6 key policies in Scottish Labour’s 2016 manifesto


Labour polices include higher income taxes, grants for poorer students, and the nationalisation of Scotrail

THE SCOTTISH LABOUR PARTY has launched its manifesto for the 2016 Scottish elections .

The document focuses on opposition to austerity and a pledge to combat it by increasing taxes on top and middle earners.

Other policies pursued in the 68 page manifesto include funding to improve educational attainment of poorer children, a limited debt amnesty for local councils, and the nationalisation of Scotrail.

CommonSpace looks at 6 key policy areas in the Scottish Labour manifesto.

Higher Taxes

The centrepiece of Scottish Labour’s manifesto is its calls for a higher tax regime in Scotland, and its argument that blocking austerity cannot be achieved without utilising the new tax raising powers being devolved to the Scottish Parliament.

The core tax proposals in the manifesto include a raising of the basic and higher rates of tax by 1p in the pound to combat austerity measures imposed by Westminster.

The manifesto claims that no one earning under PS20,000 will have to pay more under these changes. However, plans to offer a PS100 rebate to poorer tax payers hit by the increase was abandoned in March.

The manifesto also promises to introduce a 50p rate of income tax for earning over PS150,000, up from the current UK wide rate of 45p.

Labour have seized on the SNP’s decision not to implement their erstwhile policy and scrap the council tax. They pledge to replace it with a progressive property value based tax that will leave 80 per cent of households better off.


Another set of measures emphasised by Labour in the launch of the manifesto was education.

Education, and particularly the so called attainment gap – the difference between the educational achievement of poorer and better of children – has been a major policy debate in the election campaign.

Labour put forward a range of measures, including the creation of a ‘fair start fund’ paid to head teachers and used to close the attainment gap. The manifesto states that the fund will be created with money from the 50p top rate of tax.

Labour also call for a PS6,000 grant to be offered to children raised in care to enable them to enter higher education.

Labour commits to maintain free tuition for students at university, a signature policy of the SNP, and to increase bursaries for the poorest student and create a ‘transition fund’ for people moving from unemployment to education.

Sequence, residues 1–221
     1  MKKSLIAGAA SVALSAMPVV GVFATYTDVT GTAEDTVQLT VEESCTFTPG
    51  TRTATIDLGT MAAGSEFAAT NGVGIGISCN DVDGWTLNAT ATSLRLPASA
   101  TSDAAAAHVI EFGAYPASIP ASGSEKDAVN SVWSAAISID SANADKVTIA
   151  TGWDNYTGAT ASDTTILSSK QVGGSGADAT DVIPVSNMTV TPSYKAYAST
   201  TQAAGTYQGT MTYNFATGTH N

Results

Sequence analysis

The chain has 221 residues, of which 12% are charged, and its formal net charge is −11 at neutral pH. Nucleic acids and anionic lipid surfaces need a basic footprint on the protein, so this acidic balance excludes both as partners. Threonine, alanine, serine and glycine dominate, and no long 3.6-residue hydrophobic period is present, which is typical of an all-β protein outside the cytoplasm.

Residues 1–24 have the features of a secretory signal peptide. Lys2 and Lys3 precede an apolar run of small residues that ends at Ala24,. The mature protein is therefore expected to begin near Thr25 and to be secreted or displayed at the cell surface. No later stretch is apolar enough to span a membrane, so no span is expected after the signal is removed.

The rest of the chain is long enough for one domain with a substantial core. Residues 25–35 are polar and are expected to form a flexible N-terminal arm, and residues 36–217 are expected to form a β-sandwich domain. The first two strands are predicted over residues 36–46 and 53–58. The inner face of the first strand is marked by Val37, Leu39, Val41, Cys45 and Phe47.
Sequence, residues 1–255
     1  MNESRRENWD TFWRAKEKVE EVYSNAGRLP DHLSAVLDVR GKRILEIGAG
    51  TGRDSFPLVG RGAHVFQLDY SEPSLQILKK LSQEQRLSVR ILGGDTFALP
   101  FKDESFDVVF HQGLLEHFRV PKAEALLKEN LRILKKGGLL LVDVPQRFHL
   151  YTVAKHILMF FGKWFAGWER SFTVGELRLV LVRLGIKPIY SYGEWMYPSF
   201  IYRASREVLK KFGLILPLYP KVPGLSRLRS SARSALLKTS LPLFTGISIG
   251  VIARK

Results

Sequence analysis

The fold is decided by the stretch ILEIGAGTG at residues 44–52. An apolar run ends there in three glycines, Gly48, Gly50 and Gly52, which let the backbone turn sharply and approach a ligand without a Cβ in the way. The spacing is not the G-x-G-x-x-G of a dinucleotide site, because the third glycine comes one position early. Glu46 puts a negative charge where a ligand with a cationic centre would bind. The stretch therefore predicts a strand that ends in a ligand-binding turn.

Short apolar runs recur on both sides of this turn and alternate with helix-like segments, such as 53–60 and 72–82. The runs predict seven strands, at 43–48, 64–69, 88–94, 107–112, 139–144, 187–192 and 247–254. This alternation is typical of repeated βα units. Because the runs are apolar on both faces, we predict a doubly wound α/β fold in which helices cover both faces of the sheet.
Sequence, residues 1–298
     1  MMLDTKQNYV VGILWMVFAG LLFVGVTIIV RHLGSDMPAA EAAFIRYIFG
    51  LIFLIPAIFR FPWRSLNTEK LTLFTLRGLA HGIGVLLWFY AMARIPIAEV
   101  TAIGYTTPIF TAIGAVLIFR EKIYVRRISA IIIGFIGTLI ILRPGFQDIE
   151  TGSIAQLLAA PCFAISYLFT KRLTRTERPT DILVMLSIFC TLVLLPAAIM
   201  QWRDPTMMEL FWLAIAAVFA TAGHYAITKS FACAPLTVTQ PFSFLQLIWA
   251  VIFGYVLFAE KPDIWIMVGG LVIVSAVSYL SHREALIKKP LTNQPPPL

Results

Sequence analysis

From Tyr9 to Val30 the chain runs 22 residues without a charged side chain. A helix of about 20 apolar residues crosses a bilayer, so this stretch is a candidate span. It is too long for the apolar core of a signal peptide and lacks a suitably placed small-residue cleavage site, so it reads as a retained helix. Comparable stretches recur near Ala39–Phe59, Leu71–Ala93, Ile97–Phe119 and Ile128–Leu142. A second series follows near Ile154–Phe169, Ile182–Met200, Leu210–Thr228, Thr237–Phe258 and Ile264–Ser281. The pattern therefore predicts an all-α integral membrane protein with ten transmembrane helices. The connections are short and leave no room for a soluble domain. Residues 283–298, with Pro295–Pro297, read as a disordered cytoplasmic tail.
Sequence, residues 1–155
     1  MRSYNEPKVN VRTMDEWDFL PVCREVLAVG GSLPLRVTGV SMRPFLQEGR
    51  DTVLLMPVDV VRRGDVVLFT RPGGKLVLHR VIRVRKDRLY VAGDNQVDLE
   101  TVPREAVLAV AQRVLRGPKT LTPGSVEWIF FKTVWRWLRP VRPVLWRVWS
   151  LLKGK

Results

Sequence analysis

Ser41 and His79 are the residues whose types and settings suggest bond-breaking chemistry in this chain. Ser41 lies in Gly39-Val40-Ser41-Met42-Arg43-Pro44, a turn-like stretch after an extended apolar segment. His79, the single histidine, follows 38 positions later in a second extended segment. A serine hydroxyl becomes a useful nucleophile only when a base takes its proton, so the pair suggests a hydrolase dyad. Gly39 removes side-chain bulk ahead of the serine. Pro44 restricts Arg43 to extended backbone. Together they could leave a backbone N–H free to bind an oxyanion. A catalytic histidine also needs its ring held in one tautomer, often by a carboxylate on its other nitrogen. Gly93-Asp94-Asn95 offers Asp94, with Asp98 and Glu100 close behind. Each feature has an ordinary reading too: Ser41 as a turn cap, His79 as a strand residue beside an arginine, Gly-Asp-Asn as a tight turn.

Debt amnesty and PPP review

The manifesto states that Scottish Labour secure a debt amnesty for Scottish local councils to relieve them of the interest owed to the UK Government’s Public Works Loan Board from before the opening of the Scottish parliament.

The Unite union has estimated that 10 per cent of council tax revenue is spent on interest to the low interest state loans board.

But interest paid to the loan board is just a fraction of that paid out by Scotland’s councils to private banks and for ongoing Public Private Partnership (PPP) contracts.

The manifesto also calls for a review into PPPs. The recent closing of 17 Edinburgh schools constructed under PPP has been an embarrassment for Labour, who were in power during their construction.

Land Value Tax

Scottish Labour have followed the Scottish Greens in calling for the establishment of Land Value Tax. The taxes on land value are typically thought to be more progressive than property based taxes and are presented in the Labour manifesto as part of a basket of local tax changes along with the scrapping of council tax.

The proposal is one of several policies to emerge from Labour’s engagement in the land reform debate, which include the ability of local councils to compel the sale of derelict land under “certain circumstances”. The manifesto also includes the right of local communities to take over and run some local assets as co-operatives.

Minor reforms to Police Scotland

The manifesto proses minor reforms to Police Scotland. Reflecting Scottish Labour’s historic propensity to present themselves as a party of law and order, the document avoids strong criticism of the Scottish Government over the crises that followed the creation of the single force from 2013.

The manifesto calls for the implementation of the Pearson Review which include the creation of local police committees designed to bring local accountability back to the national force.

The manifesto also calls for the establishment of a Scottish Parliament committee for emergency services, a review of Police IT, and an attempt to give Police Scotland VAT exempt status alongside forces across the UK.

Public transport reform

The manifesto calls for an overhaul of public transport in order to reduce costs to commuters and reduce the environmental damage of the dominance of private transport.

Standout measures include the creation of a nationalised ‘People’s Scotrail’, and its integration with Scotland’s wider public infrastructure through a smartcard ticket system, with tickets transferable across modes of transport.

The policy reflects the support for the renationalisation of the UK’s rail system by from leftist Labour leader Jeremy Corbyn.

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